The UK is set to deploy attack dogs to defend Parliament in new plans to protect Westminster from terrorism following the deadly attack in March.
The dogs would be stationed with police handlers at the gates through which Muslim convert Khalid Masood tried to storm after killing four pedestrians, PC Keith Palmer, and injuring more than 50 with his car.
Former chairman of the House of Commons administration committee, Sir Paul Beresford, told The Sunday Times that dogs were being “seriously considered” in a review of perimeter security.
“If we’d had a dog there PC Palmer might have been saved,” he said, and explained that a dog could stop a terrorist without killing protesters.
“If some idiot who is not a terrorist runs in, and there are a few of those out there, the dog will drop them and they won’t be shot.”
Dogs, typically Alsatians, are already used on gate duties at British military bases during times of increased terror threat and can be trained to respond only to particular commands or acts.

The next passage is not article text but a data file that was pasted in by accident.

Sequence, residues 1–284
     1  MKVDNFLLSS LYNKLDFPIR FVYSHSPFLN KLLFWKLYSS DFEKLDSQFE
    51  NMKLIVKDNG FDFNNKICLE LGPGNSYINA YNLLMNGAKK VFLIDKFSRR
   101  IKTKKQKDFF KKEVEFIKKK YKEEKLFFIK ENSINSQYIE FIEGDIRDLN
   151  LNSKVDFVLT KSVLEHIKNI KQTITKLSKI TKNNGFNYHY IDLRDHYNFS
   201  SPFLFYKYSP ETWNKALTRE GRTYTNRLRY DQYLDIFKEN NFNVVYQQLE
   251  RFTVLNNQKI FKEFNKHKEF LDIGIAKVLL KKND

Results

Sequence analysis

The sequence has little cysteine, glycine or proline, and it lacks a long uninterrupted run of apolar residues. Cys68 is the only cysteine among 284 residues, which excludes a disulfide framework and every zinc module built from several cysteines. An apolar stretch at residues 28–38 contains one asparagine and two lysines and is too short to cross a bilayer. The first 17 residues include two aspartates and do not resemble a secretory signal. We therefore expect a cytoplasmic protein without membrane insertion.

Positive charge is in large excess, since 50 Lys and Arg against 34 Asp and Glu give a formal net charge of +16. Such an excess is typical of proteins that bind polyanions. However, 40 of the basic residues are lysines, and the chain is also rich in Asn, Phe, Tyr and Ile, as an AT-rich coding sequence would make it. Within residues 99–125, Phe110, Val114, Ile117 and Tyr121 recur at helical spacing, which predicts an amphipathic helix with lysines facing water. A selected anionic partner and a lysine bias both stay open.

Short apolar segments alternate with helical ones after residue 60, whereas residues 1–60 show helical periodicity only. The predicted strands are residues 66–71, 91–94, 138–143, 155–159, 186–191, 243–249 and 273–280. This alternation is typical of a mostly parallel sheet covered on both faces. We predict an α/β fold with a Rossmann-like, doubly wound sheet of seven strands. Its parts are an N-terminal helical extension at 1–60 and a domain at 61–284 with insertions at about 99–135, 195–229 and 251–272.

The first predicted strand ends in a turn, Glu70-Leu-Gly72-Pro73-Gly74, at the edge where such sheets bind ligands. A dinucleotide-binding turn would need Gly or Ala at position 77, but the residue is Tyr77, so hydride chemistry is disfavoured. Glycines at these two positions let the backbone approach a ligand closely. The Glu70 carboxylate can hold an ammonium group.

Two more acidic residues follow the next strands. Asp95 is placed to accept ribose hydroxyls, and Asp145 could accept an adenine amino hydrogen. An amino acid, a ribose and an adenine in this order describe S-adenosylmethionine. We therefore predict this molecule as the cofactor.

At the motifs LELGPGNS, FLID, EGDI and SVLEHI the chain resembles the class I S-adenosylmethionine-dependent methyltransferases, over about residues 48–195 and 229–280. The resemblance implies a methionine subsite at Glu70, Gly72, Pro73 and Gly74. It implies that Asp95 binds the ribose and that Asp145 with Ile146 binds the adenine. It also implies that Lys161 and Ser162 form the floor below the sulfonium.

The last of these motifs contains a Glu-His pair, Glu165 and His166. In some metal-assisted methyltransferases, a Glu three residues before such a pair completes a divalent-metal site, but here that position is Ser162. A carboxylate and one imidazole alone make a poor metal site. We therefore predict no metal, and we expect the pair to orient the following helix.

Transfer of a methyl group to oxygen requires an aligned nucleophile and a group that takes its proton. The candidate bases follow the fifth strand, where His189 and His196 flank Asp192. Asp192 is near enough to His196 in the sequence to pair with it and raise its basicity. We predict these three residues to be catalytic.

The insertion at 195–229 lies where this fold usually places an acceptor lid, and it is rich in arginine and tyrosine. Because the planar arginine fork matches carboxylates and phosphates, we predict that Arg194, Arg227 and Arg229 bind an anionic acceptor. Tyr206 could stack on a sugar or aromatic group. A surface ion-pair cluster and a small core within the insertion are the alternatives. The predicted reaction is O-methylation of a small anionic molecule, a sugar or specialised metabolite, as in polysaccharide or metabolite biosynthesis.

Other measures which are likely to be recommended by the perimeter review include stronger barriers to guard against vehicle attacks, and measures to keep pedestrians further away from Parliament.
Beresford said the gates at Westminster were recognised as a particular point of weakness due to the frequency with which they have to be used, telling The Sunday Times: “The gates have to be open when MPs are coming in to vote, but we recognise it is a chink in the armour.”
A Parliamentary spokesman said: “Two reviews have now been commissioned into the perimeter security at Parliament and into the Houses’ response following the incident on 22nd March.
“Both reviews have encouraged and sought the views of those on the estate on that day and from the public. This feedback will be considered in detail along with other evidence.”